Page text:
Assessing airlines’ narrowbody replacement needs

Subscription Required By Vincent Valery Introduction   Jan. 27, 2020, © Leeham News: The Boeing 737 MAX crisis appears headed for resolution within a few months. Stephen Dickson, the administrator of the Federal Aviation Administration, told American, Southwest and United airlines the MAX could be recertified by summer. This is the first time the FAA suggested a timeline—though anything could change this. However, the entire commercial airline ecosystem has even less visibility on another key topic: once the 737 MAX returns to service, will airlines and lessors place new orders for what was Boeing's best-ever selling aircraft? Whether the 737 MAX can accumulate a meaningful amount of new orders will have far-reaching consequences on Boeing’s finances and product strategy. As outlined in a previous LNA article, it might take until 2022 at the earliest to return to the intended production rate (57/mo) before the grounding. Even if not many airlines cancel their 737 MAX orders, Boeing will need to accumulate sizable new orders to keep the assembly line busy through the 2020s. Any clean-sheet aircraft design would only be ready in the late 2020s at the earliest. Boeing CEO Dave Calhoun expressed confidence in regaining the market share Boeing had before the grounding. Is Calhoun’s optimism justified? The most reliable market to accumulate new orders is the replacement of aging aircraft. In this article, we come up with a conservative estimate of the number of aircraft airlines still need to order or lease to replace older airframes. We will analyze the breakdown among customer types, as well as timelines.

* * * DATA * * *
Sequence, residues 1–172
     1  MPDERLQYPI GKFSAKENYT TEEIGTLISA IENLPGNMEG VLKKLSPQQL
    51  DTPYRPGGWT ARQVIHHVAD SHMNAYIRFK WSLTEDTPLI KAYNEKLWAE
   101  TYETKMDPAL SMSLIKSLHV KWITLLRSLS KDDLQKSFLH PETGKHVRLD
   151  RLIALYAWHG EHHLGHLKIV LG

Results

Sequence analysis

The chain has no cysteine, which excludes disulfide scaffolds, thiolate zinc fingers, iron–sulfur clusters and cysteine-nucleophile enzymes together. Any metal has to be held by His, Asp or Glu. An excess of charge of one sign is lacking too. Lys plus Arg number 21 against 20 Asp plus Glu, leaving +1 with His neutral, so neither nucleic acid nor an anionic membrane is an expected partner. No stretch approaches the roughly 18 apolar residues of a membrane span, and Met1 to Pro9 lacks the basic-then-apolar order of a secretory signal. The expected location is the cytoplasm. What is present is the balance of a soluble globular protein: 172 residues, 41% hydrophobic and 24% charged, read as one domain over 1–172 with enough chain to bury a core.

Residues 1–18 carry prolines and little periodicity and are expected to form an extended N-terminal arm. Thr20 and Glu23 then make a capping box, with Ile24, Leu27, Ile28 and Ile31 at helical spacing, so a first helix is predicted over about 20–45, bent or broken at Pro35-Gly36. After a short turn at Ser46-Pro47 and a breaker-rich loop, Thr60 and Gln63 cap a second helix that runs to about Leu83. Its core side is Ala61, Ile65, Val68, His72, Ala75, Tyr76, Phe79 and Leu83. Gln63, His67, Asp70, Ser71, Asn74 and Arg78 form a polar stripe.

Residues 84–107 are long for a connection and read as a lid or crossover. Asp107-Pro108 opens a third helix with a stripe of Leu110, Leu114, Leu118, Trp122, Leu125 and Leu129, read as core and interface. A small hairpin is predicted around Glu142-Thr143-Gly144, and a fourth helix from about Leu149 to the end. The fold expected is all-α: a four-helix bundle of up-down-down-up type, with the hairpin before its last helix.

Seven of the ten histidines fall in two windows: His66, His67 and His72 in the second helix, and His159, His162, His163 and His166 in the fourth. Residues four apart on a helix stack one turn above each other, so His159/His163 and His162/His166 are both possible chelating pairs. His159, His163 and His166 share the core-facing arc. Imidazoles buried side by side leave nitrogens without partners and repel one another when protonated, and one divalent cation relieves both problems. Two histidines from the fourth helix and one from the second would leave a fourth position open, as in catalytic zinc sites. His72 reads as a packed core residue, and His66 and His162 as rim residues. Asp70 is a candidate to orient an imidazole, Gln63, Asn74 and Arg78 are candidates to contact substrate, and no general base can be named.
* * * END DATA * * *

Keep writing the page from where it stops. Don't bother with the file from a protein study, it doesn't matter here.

Summary
  • A significant number of aging narrowbody aircraft to replace;
  • Different order and replacement mix at Airbus and Boeing;
  • And airline fleet types;
  • Concentrated order and replacement opportunities;
  • Replacement needs timelines.

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